If you’re a fan of the Chiptunes = WIN nation and albums, then you’ll be happy to learn that their fourth album has officially been released!
Chiptunes = WIN: Volume 4 continues the tradition started three years ago by Brandon “President Hoodie” Hood to create a community of chiptune artists and enthusiasts that are able to gather, create and critique the art of making chip music.
“Volume 4?? VOLUME 4!! 3+ years after the first comp and we’re still having a blast! Thus onward & upward it goes! ^_^ \m|♥♥♥♥|m/ “ -President Hoodie
The current incarnation features a whopping 51 tracks featuring a plethora of new and old chiptune artists, including CarboHydroM, Auxcide, Phonetic Hero and a ton more. The whole album was mastered by DJ Cutman, with all proceeds staying internal and going towards the production of future albums. This fourth full edition is the 12th album in the Chiptunes = WIN library, all of which serve as compilations from the chip community and beyond.
Chiptunes = WIN: Volume 4 is at a name-your-price purchase level, with a special limited bundle pack available at $25 for the diehard enthusiast. You can learn more about Chiptunes = WIN and join in the chip madness on the community’s blog.
XO is an upcoming sci-fi, space strategy game inspired by the likes of Battlestar Galactica, Lost Fleet and games like FTL. If that doesn’t give you an immediate sense of the dire decisions you’ll make as Captain of the last human battleship, the video above should help. The video also gives you a taste of what Guthrie has in store for the full soundtrack, featuring ethereal piano and strings fused with pounding 80’s-inspired synthwave.
I dig that sound and can’t wait to hear more as the game moves through Kickstarter and on to a final release.
Secret of Evermore might be one of the less well-known Squaresoft titles, but at least one man is giving the SNES game’s 20th anniversary some much-needed love.
Sean Schafianski, a composer and game enthusiast from Grand Rapids, Michigan who released Final Fantasy VI: Remastered Soundtrack in 2013 and several other since, felt the need to give Evermore the same treatment and recognition. The game’s original soundtrack, composed by Jeremy Soule (Elder Scrolls series), features several ambient pieces tailored to the RPG’s unique fantasy feel.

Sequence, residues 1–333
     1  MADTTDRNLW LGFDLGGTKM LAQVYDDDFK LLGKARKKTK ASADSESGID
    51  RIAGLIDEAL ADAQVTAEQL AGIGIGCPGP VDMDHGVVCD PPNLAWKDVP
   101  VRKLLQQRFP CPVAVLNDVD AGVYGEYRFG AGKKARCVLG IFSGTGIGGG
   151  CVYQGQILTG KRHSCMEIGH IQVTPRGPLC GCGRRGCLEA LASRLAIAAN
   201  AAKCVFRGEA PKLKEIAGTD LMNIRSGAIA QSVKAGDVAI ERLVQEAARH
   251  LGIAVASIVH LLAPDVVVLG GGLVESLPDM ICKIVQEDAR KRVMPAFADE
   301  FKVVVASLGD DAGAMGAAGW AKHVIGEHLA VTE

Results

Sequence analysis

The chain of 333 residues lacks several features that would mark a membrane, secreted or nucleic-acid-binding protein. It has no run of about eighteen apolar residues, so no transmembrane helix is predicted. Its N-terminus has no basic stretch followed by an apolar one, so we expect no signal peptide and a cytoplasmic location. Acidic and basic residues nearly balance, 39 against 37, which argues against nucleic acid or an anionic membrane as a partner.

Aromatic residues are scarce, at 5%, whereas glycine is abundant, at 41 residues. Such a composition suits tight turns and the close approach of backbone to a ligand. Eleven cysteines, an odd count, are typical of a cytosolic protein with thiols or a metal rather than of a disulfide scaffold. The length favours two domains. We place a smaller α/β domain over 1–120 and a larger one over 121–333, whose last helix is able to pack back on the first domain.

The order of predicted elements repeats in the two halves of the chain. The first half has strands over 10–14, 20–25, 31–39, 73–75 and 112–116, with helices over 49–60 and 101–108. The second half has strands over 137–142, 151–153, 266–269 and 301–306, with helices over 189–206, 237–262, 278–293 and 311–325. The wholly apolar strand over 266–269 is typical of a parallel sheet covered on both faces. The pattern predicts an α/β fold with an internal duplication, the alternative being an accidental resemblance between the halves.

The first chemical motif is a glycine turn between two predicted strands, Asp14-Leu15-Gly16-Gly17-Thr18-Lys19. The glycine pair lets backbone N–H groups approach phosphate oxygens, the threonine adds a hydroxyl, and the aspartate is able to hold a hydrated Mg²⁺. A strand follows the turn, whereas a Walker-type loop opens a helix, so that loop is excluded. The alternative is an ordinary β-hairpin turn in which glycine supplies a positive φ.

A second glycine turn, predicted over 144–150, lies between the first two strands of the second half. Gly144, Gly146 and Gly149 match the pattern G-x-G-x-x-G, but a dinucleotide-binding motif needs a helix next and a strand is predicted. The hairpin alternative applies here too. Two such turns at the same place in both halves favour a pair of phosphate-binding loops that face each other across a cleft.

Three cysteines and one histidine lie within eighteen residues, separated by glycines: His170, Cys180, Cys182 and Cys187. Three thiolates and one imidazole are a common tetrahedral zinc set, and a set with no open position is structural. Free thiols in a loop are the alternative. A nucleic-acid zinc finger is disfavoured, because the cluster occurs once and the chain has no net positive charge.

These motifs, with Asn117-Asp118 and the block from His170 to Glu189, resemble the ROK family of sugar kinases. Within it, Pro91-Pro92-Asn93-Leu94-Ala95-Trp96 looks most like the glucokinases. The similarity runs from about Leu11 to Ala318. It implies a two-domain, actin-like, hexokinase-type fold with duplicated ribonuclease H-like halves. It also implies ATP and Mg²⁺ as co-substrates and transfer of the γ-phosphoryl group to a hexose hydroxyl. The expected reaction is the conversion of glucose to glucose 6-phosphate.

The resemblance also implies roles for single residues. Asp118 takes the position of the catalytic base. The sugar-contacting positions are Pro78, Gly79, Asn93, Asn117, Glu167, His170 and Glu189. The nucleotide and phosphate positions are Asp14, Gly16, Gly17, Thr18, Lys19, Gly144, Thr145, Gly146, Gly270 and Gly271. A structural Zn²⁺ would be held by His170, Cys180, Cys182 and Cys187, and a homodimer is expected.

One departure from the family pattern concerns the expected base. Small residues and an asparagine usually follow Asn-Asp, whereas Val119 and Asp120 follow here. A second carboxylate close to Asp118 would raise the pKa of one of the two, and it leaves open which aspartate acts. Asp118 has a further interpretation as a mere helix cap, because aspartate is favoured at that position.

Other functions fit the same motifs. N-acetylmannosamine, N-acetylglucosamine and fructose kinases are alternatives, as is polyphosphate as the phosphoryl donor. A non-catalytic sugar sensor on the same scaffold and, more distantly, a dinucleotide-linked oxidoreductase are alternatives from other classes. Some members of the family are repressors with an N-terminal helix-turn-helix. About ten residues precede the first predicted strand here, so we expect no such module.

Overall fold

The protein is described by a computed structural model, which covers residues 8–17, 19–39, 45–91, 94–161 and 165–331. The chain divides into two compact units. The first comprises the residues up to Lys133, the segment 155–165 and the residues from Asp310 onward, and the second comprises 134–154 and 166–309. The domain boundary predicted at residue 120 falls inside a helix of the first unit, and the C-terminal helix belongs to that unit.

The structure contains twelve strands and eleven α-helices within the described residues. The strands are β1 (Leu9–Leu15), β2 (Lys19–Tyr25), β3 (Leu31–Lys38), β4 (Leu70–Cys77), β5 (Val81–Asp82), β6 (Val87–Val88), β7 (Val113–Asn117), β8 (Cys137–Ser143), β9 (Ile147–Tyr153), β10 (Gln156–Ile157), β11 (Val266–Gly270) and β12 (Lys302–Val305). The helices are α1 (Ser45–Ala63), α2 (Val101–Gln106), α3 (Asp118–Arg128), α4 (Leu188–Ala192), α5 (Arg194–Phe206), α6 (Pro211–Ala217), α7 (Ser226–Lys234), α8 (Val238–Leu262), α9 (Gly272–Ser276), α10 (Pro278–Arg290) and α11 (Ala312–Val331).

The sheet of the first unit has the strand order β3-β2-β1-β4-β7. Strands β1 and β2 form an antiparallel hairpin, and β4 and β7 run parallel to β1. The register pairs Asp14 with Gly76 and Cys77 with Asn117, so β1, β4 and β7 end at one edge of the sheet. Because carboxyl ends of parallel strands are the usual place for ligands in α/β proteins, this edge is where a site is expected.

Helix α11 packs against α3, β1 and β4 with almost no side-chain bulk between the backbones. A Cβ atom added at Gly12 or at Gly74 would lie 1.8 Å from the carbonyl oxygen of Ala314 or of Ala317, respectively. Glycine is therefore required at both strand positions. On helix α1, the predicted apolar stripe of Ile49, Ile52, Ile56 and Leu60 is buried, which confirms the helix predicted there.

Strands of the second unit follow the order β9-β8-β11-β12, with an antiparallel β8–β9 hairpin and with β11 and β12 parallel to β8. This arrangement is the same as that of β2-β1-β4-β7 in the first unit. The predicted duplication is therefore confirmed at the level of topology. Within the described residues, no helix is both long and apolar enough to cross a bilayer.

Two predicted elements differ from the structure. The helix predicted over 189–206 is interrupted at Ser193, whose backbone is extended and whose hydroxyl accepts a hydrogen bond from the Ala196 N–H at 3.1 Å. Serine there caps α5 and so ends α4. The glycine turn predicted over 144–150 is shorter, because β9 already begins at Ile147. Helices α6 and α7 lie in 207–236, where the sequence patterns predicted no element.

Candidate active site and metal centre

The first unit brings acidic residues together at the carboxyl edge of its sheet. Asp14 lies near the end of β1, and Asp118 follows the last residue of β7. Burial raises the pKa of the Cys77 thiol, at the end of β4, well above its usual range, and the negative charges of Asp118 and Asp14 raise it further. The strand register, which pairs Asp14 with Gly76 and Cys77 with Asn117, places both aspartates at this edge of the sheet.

“With all of my Remastered Tracks albums, I want to stay as true to the source material as possible. The point is to pay tribute to amazing soundtracks by fantastic composers, while giving the music a breath of fresh air and a little artistic twist on my part. I create all of my arrangements by ear, listening closely to the original then trying to recreate the magic. I hope you enjoy listening to these arrangements as much as I enjoyed making them!”
The Secret of Evermore: Remastered Tracks can be picked up on Loudr. You can also check out the rest of his Video Game Music Remastered series of game music releases on his Loudr page.
When he’s not busy producing some of my favorite bangin’ video game remixes, DJ Cutman can be found playing through a ton of games on his YouTube channel. It’s here that he’s launched a new series called SmashTalk where he chats with other personalities from the gaming community while they play a competitive game.
The pilot episode features comedian/songwriter Brentalfloss and is as amusing as you’d expect for an interview conducted during a game of Mario Kart 8. Alongside complaints about red koopa shells there’s a good discussion about Brentalfloss’ academic education, his favorite childhood games and a message to others trying to break into the YouTube scene. He also lays out the history behind Wario while winning a race; the guy is talented. Check it out up above or over on YouTube.
For the sequel to a Flash game created by a 30-something guy and his 8-year-old daughter, you may not expect the music of Super Chibi Knight to be much of anything. From that description, you may not expect the game to be anything either but it promises a nostalgic mix of platforming and action/RPG in the pre-64 Legend of Zelda style. A new wrinkle is the sorcerer/beastmaster dynamic which changes how Super Chibi Knight plays, which areas you’ll see and how the game winds up. It’s super expanded from the original Chibi Knight and looking at this tracklist makes that extra apparent.